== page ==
ASTM Testing’s mission is to evaluate – through waterproofing standards testing – products used to waterproof materials, surfaces and building systems. Tests even concern the “green” aspect of the chemicals comprising the coating. These tests include how best to apply a coating and with what tools. Nonetheless, it is the hydrostatic movement of water from the earth to the surface or even rain on a roof or patio that best exemplify the challenges to waterproofing’s integrity and effectiveness. The focus of these waterproofing standards concentrates on the penetration of moisture or water through a treated surface or membrane.
Water tight describes the performance standard for waterproof coatings.
If the waterproofing cannot stem hydrostatic movement of water or water’s migration, then it will fail the test. The inability by a coating to resist chemicals that can harm the membrane and blunt root growth will also fail. Yet, a waterproofing system changes depending on the surface and more. In turn, that affects the test type. The ASTM has performed many waterproofing standards testing on waterproofing products but does not do field testing which leaves environmental factors and daily usage issues sidelined.
It is the outcome over time that determines whether a waterproof coating passes the American Society for Testing Materials (ASTM) test. For example, the expectation, despite warranty standards, is that the waterproofing (membranes) should maintain its integrity for the surface’s – a building component or structure – life.
For flooring applications, the ASTM uses standard changes and the warranty typical to the industry. Again, the waterproofing standards testing does not apply to the chemicals used or their compounds, but to the result. Screening for chemicals and their compounds for a “green” analysis take place, but no further qualitative evaluations occur. The test underscores the public’s interest in health for both themselves and the environment. The test does not highlight which chemical is better than another.
ASTM’s lab testing has a stellar reputation.
Since experimental testing is confined to a lab, most of the recommendations that arise from test results contain a caveat to that effect. ASTM’s lab testing has a stellar reputation. Waterproof products receive evaluation through methods that copy their application to a surface. Patios, kitchen floors, and wooden decks are not constructed or brought into the labs. The materials from these systems undergo the testing to see if they remain water tight or resistant when exposed to moisture, hydration, and water migration. The results are then published.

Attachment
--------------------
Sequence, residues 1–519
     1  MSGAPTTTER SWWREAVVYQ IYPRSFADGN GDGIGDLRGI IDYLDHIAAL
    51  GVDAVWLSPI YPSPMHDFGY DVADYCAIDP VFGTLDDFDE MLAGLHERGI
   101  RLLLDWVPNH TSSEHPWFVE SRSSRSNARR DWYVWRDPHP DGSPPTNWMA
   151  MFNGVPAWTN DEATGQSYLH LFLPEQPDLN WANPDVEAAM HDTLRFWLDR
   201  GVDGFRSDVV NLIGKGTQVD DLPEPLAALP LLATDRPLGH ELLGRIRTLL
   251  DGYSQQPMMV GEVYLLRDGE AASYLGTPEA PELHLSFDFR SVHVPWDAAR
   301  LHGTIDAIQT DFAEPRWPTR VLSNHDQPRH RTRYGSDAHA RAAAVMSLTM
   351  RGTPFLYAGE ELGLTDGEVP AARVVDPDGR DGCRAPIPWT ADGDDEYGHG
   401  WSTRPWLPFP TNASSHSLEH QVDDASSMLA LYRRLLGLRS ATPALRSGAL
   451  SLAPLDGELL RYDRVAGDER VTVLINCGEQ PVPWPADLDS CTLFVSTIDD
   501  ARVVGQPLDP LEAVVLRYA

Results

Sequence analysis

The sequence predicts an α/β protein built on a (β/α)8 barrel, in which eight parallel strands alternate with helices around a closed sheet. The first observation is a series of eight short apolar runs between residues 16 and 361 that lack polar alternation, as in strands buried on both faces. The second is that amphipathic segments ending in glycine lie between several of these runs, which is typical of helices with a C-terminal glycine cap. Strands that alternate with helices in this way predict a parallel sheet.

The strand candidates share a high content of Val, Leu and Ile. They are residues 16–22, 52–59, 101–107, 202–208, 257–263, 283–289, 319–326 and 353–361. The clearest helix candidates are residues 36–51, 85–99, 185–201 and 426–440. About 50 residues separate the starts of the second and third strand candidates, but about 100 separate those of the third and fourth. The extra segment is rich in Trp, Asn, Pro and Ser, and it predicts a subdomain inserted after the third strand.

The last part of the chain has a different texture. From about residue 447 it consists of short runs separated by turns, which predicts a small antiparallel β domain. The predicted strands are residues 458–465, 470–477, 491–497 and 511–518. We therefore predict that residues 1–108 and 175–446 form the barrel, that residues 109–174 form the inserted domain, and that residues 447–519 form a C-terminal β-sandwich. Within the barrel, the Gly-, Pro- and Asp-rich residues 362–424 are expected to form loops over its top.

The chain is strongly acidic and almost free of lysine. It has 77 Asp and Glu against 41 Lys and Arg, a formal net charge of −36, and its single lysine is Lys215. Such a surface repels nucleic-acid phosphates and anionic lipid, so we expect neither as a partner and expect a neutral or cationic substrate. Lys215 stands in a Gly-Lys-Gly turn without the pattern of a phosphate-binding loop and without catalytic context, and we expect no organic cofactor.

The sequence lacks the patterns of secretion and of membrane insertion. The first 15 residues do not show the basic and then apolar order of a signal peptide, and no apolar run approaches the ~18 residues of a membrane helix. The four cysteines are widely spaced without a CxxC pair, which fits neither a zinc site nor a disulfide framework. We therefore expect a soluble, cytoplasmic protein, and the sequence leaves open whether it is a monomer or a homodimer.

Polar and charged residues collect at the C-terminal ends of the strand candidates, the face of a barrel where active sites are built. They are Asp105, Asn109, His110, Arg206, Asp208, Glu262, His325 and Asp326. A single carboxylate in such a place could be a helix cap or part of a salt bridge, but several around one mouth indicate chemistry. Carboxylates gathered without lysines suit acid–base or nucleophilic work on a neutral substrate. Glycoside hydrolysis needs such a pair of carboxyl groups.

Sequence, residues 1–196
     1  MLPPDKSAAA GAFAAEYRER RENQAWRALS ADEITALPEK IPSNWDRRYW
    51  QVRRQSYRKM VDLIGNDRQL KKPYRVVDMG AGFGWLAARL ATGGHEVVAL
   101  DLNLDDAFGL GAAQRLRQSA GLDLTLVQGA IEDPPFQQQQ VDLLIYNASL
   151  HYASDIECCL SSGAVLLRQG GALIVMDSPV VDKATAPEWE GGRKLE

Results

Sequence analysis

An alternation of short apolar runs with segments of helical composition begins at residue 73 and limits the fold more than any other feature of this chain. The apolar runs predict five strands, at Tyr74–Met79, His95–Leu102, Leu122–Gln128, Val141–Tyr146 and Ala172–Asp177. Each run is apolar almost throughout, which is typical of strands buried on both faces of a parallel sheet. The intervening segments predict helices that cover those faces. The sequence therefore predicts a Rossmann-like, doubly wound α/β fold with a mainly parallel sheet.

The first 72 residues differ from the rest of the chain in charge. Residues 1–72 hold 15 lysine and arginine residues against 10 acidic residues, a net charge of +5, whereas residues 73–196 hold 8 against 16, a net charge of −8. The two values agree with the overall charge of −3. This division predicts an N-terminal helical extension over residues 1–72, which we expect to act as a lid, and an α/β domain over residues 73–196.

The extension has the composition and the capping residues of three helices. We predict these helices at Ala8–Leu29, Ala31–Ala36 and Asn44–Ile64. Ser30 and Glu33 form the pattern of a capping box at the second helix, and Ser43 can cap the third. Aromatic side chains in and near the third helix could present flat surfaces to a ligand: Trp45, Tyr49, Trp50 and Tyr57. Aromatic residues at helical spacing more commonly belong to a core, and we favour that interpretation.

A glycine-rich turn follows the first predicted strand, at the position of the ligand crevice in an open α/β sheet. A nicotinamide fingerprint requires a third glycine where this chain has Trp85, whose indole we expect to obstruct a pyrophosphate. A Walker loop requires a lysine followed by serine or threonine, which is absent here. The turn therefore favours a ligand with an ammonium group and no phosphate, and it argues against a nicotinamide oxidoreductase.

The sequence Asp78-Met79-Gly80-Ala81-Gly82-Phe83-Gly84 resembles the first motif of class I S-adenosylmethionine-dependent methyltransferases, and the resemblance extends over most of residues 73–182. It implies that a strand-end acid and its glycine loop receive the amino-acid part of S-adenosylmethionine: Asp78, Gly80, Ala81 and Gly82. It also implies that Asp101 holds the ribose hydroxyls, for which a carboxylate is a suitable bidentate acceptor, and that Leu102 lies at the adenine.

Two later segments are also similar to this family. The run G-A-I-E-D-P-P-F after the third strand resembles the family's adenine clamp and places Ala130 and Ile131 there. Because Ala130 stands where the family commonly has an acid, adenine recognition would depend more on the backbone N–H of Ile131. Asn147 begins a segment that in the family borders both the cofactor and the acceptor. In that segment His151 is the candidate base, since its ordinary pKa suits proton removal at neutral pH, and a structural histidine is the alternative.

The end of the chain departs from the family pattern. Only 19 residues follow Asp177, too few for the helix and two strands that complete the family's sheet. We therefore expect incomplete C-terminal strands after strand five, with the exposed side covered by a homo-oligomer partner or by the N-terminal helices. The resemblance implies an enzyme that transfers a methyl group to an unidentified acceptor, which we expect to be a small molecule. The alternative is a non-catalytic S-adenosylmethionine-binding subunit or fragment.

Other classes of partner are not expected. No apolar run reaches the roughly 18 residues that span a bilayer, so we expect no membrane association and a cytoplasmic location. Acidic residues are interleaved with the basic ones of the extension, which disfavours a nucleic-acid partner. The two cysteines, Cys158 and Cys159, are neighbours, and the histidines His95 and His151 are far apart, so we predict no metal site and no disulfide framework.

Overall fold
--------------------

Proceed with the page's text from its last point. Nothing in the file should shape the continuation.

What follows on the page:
Since the ASTM is such a respected organization, its recommendations and evaluations can have a powerful effect. Companies advertise that their products meet ASTM standards as a means of showing that they remain competitive on a technological level. This is also a means to display their concern and involvement in protecting the community. It is a seal of approval that helps market the product.
To look, however, to the ASTM to provide insight into the actual nature or effect of individual chemicals that comprise waterproof coatings goes beyond their mission. Their waterproofing standards testing embraces and outcome determinative test for waterproofing coatings, excluding determining the “green” level of a product.
The limitation on waterproofing standards testing limits the trust placed on ASTM’s evaluation.
Snowy conditions versus the jungle humidity have their effect on waterproofing products. Cold climates versus warm climates also have their effect. A surface that receives a daily abundance of foot traffic versus a patio’s surface that only enjoys use during summer will also yield different results over time.
Understanding what a test does and what it tries to accomplish proves key to what it is evaluating. Simply taking a result and using it to suggest that it claims something that it doesn’t prove inadvisable. Products often work better in different environments. Also, one product may perform better in one set of conditions than another. This makes it difficult to conclude that a product may improve after testing.
A bad waterproofing standards testing result usually evokes an immediate response. As indicated, companies want ASTM’s approval for the products they use. Compliance to meet that minimum standard will hopefully work to excite companies to improve their products to meet that standard.
Contact us, Pli-Dek Systems, to learn more about the many ASTM tests that we have gone through and passed, as well as to learn more about flooring systems, materials, and waterproof coatings.